|Year : 2012 | Volume
| Issue : 2 | Page : 111-120
Neuroprotective effect of cow colostrum and tetramethylpyrazine against global cerebral ischemia reperfusion injury
Vaishali R Undale, Shital S Desai, Swati K Sangamnerkar, Chandrashekhar D Upasani
Department of Pharmacology, Pune District Education Association's Seth Govind Raghunath Sable College of Pharmacy, Saswad, SNJB's Shriman Sureshdada Jain College of Pharmacy, Chandwad, Nashik, Maharashtra, India
|Date of Submission||01-Aug-2011|
|Date of Acceptance||13-Oct-2011|
|Date of Web Publication||9-May-2012|
Vaishali R Undale
Department of Pharmacology, PDEA's SGRS College of Pharmacy, Saswad, Maharashtra - 412 301
Source of Support: None, Conflict of Interest: None
| Abstract|| |
Aim: Cerebral ischemia is the third leading cause of death in the western world. According to the WHO 15 million of the world's population suffer cerebral ischemia each year. The aim of the present study was to investigate the effect of tetramethylpyrazine (TMP) and cow colostrum in bilateral common carotid artery occlusion (BCCAO)-induced global ischemia-reperfusion injury. Cow colostrum is claimed to have antioxidant effects and TMP is popularly used in the treatment of cardiovascular diseases. Materials and Methods: Male Sprague-Dawley rats weighing 300350 g were treated with cow colostrum (125, 250, and 500 mg/kg) and TMP (12.5, 25, and 50 mg/kg) for 7 days after cerebral ischemia induced by BCCAO for 30 minute followed by reperfusion. Results: A significant decrease in body weights and marked weakness in the ischemic animals were observed. These effects were attenuated by cow colostrum (500 mg/kg) and TMP (25 and 50 mg/kg). There was significant increase in the level of malondialdehyde (MDA) and attenuation in the levels of reduced glutathione (GSH) and catalase in ischemic animals, indicating oxidative stress. Elevated levels of MDA and attenuated levels of GSH and catalase were compensated by treatment with cow colostrum and TMP dose dependently. Overall, the results of the study indicate that at doses of 25 mg/kg and 50 mg/kg TMP markedly improves cognition. The results also indicate that both TMP and cow colostrum have antioxidant activity. Conclusion: This study demonstrates the neuroprotective potential of cow colostrum and TMP. They appear to be promising drugs for the prophylaxis and treatment of global cerebral ischemia.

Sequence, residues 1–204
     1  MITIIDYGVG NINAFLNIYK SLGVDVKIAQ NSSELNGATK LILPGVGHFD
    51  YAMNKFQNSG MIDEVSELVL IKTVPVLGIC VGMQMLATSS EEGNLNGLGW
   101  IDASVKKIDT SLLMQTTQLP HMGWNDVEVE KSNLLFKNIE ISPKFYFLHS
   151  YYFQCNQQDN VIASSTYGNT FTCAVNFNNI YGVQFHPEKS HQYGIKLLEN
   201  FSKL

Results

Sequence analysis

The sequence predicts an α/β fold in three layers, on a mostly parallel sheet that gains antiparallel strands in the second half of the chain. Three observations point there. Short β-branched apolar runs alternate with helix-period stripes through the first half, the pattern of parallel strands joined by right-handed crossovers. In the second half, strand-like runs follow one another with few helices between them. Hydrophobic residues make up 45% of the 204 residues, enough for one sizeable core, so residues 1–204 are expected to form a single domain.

Keywords: Bilateral common carotid artery occlusion, cow colostrum, global cerebral ischemia, tetramethylpyrazine
|How to cite this article:|
Undale VR, Desai SS, Sangamnerkar SK, Upasani CD. Neuroprotective effect of cow colostrum and tetramethylpyrazine against global cerebral ischemia reperfusion injury. Int J Nutr Pharmacol Neurol Dis 2012;2:111-20
|How to cite this URL:|
Undale VR, Desai SS, Sangamnerkar SK, Upasani CD. Neuroprotective effect of cow colostrum and tetramethylpyrazine against global cerebral ischemia reperfusion injury. Int J Nutr Pharmacol Neurol Dis [serial online] 2012 [cited 2019 Nov 21];2:111-20. Available from: http://www.ijnpnd.com/text.asp?2012/2/2/111/95947
| Introduction|| |
Cerebrovascular diseases include some of the most common and devastating disorders, e.g., ischemic stroke, hemorrhagic stroke, and cerebrovascular anomalies such as intracranial aneurysms, arteriovenous malformations (AVMs) etc. The incidence of cerebrovascular diseases increases with age, and the number of strokes is projected to double as the population of the elderly grows in numbers.  Stroke is estimated to be responsible for 9.5% of all deaths. In the United States more than 700000 new cases of strokes occur annually. In India, the occurrence of stroke is estimated to be 203 per 100000 population, which amounts to about 1 million cases annually.